by Sarah Donkin (Univ. of Mount Union)

Honorable Mention

You sit in your lawn chair

like a gray-haired frog who managed to get through life

without ever being told that he wasn’t a king.

Your hand raises, half in a fist,

index finger pointed at the skull in question

and circling slowly, as if you can’t quite decide

whether to stop on your bread-and-circuses way of thinking

or the other side of sanity that you’ve so cleverly assigned to me.


you say my hands must be ticking in the opposite direction

from the clock on the wall

and that old thing has never been known to go backwards;

no, that’s always been me,

with my lips sewn shut by the conviction

that my words would only bounce off of eardrums and back into my head

my arms wrapped tight around my ribcage

like coils of thread holding a cracked spool together

or a plaster cast keeping a broken bone still -

I wonder what side I would stand on

if I could find the hairline fracture that separates broken

from just a little cracked.


You would tell me that it’s in between my brain and skull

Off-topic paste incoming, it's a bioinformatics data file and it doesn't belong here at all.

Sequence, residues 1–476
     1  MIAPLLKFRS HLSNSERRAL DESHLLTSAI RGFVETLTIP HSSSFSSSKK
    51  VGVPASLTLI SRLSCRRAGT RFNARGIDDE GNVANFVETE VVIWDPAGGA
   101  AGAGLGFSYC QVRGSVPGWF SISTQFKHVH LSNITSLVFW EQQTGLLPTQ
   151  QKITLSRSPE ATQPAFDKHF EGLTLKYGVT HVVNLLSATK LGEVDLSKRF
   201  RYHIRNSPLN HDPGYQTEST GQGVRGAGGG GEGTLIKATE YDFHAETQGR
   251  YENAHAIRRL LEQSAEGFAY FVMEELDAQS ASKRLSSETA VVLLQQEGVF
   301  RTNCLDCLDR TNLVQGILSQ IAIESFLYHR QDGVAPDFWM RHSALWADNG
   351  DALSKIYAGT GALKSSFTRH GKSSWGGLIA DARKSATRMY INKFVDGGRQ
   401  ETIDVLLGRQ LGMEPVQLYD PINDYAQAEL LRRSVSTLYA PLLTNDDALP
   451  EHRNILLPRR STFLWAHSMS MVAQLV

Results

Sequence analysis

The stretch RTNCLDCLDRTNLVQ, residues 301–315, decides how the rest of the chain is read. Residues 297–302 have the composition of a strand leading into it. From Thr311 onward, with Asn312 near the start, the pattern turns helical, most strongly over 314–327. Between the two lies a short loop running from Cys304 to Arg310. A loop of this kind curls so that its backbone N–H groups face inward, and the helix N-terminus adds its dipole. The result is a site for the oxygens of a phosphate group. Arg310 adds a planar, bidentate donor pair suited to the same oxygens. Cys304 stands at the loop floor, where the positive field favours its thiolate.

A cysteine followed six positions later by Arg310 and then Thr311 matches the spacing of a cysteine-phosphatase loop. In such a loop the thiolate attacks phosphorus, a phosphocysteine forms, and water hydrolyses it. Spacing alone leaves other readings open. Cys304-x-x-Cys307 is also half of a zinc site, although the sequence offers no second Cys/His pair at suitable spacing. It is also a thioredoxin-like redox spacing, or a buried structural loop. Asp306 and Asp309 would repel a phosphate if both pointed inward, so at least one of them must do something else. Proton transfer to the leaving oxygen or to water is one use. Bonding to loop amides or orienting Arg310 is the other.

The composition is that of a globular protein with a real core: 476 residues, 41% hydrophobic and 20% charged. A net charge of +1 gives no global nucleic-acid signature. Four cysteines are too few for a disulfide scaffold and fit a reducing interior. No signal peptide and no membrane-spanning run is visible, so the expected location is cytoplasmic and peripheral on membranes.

leaving just enough space for hurricane,

or maybe a thick cloud of smoke

from my neurons,

sparking with each connection and on the verge of bursting into flames -

if only you were metaphorically inclined.


So you fill the gap with caution tape

just so you can step around the thinnest patches in my icy voice

and get me to cover my ears long enough

that you can shake your head and smile at other people who think clockwise

with crooked teeth and lips that never press together long enough for needles of doubt

and threads of conviction to slither through your skin

and tie knots that the rest of the world wasn’t supposed to know about.


I remember that one time at the dinner table

when I couldn’t manage to hand my mom a pitcher of water as smoothly as I should have

we nearly spilled the whole thing

and my dad rolled his eyes and snorted out one word:



He didn’t understand why I slammed the pitcher down and dared him to call me that again

with bloody lips tearing apart the threads.


They say that we’ve all got a few splintering floorboards and loose strings

so how can he, and how can you

call anyone an unraveled mess;

the rope of an inept conjurer

who hasn’t yet mastered

the ruses of his trade?


my voice will crack

but I will hold it together between boards of silence

tied tight by steady words.

My neurons will smoke and spark

because they know what it is to fight for connections

that don’t sit as close together as the lawn chairs you spend your life in.


So you can continue trying to find delicate ways of saying

that I spend my days counting down from 12 to 1

but my hands have abandoned the face of the clock

to try to find something beyond one direction or the other

of circle after circle

of endless ticking.